Detention Victims Have Rights: Inmate Neglect and Abuse


We, as a society, typically do not think of our incarcerated population as victims – but sometimes they are. It is easy for us to write off injured inmates – to think of all inmates as hardened criminals deserving of hardened punishment. But this perspective ignores the fact that the vast majority of our incarcerated population consists of non-violent offenders . . . not the hardened criminals we envision. While incarcerated, all offenders have the right to basic medical needs, freedom from physical abuse, and access to necessary medical care. A prison sentence should not be a death sentence.


The neglect and abuse some prisoners face can be shockingly scary and hard to comprehend. Unfortunately, it does happen, some of the common prisoner abuse problems are:

Medical Neglect– Many inmates are neglected. This is a fact. Inmates who need specialized medical care don’t get it. Inmates prescribed psychiatric medication, don’t receive it. Inmates who become ill, aren’t treated. Inmates who are injured aren’t examined. Inmates who complain of severe pain are ignored. I hear it all the time.

Mental Illness – Mental Illness often goes untreated or undiagnosed. Similarly, prison staff often fail to protect emotionally disturbed inmates from themselves or predatory cellmates. The manifestation of these failures appears most often in inmates that do not receive the psychological treatment they need and commit suicide.


Wrongful death in prisons can happen anywhere, for example:

  • David Jones, 42, Greensville Virginia Correctional Center died of blood poisoning after a diabetic ulcer on his foot became infected. CMS comment: The for-profit-company said “health care professionals were attentive to Mr. Jones’ medical needs”. Lawsuit filed; final order pending.
  • Henry Simmons Jr. died of a heart attack in a Virginia prison when a doctor’s orders for tests were ignored.
  • Jerome Walton, 28, was jailed on February 14 and told officials he had an appointment for kidney dialysis later that afternoon. He was taken for dialysis two days later when he was already very ill. CMS comment: “The company said its medical staff ‘responded promptly’ after Walton had a seizure and suffered cardiac arrest.” It said “the autopsy results showed Walton had cocaine in his system and had a history of previous seizures.” His mother sued CMS and settled confidentially.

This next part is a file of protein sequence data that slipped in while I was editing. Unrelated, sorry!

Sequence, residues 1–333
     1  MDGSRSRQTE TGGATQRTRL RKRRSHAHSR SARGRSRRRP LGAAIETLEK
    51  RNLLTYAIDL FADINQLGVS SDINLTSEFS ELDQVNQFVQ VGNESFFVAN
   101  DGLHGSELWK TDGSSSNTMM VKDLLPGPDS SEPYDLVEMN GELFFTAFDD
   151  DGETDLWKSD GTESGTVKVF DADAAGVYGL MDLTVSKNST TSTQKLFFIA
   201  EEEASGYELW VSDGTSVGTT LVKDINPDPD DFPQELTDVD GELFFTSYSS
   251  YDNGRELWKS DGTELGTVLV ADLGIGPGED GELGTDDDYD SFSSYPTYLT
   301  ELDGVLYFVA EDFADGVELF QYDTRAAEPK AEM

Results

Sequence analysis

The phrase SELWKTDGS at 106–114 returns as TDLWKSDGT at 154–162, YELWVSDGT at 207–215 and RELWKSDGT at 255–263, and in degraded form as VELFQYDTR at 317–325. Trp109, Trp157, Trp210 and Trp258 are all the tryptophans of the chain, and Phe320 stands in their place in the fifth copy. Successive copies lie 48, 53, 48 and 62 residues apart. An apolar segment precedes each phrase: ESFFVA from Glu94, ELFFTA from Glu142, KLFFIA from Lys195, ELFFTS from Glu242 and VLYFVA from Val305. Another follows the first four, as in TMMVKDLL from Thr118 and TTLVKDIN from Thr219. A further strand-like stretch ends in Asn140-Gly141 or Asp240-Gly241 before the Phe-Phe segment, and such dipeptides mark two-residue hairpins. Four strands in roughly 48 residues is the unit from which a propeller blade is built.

The Richmond jail is notorious for prison inmate deaths. The death rate for inmates at the Richmond jail was 2.5 times higher than the national average at similar jails across the country (2000 through 2007).

  • At Riverside Regional Jail in Hopewell, 15 people have died since 2006, this includes three suicides.
  • At Henrico County’s two jails, 12 inmates have died since 2006, including five suicides, a heroin overdose, and six deaths linked to illness or other natural causes.
  • At the Chesterfield County jail, two people died since 2006. This includes one suicide.
  • At Pamunkey Regional Jail, two inmates have died since 2006. One of the two deaths was suicide.


Neglect and abuse happen for many reasons. One reason is that many prison systems are now privately run. This means that profits have a direct and negative correlation with care — the less money spent on inmate health care, the more profit a prison facility makes. This “less is more” reality incentivizes prison companies to cut corners, staff, and medical assistance at the expense of inmate safety and well-being.

Correctional Medical Services (CMS), mentioned above, and Prison Health Services (PHS), merged to form Corizon, the nation’s largest for-profit medical services provider for prisons, jails and other detention facilities. Corizon is a billion dollar business that styles itself as “Your Correctional Healthcare Partner.” This year Corizon was awarded a seven-year, $1.1 billion contract to care for inmates in Missouri. (It has contracts throughout the United States including Virginia).

Prison culture also contributes to abuse and neglect. Often prison culture dictates how inmates are treated and cared for. This starts at the top, with management, and it works its way down to the bottom, the guards. When prison guards are not disciplined for bad behavior, the bad behavior continues. When inmate complaints are not treated seriously, the complained of circumstances persist. When a prison culture does not respect the people it is charged to protect, it shows — the result is abuse, neglect, injuries, and death.


Accountability- Correctional facilities are not above the law. In fact, as discussed above, many are for-profit corporations. These corporations are responsible for their negligent acts just like the rest of us. If correctional facilities are held accountable for their action or inaction, they will be incentivized to improve inmate care.

If you or a loved one has been injured or has died at the hands of abuse or neglect at a correctional facility, Call Cuthbert Law Offices, together we can break this cycle of neglect, abuse, and apathy in our jailing systems.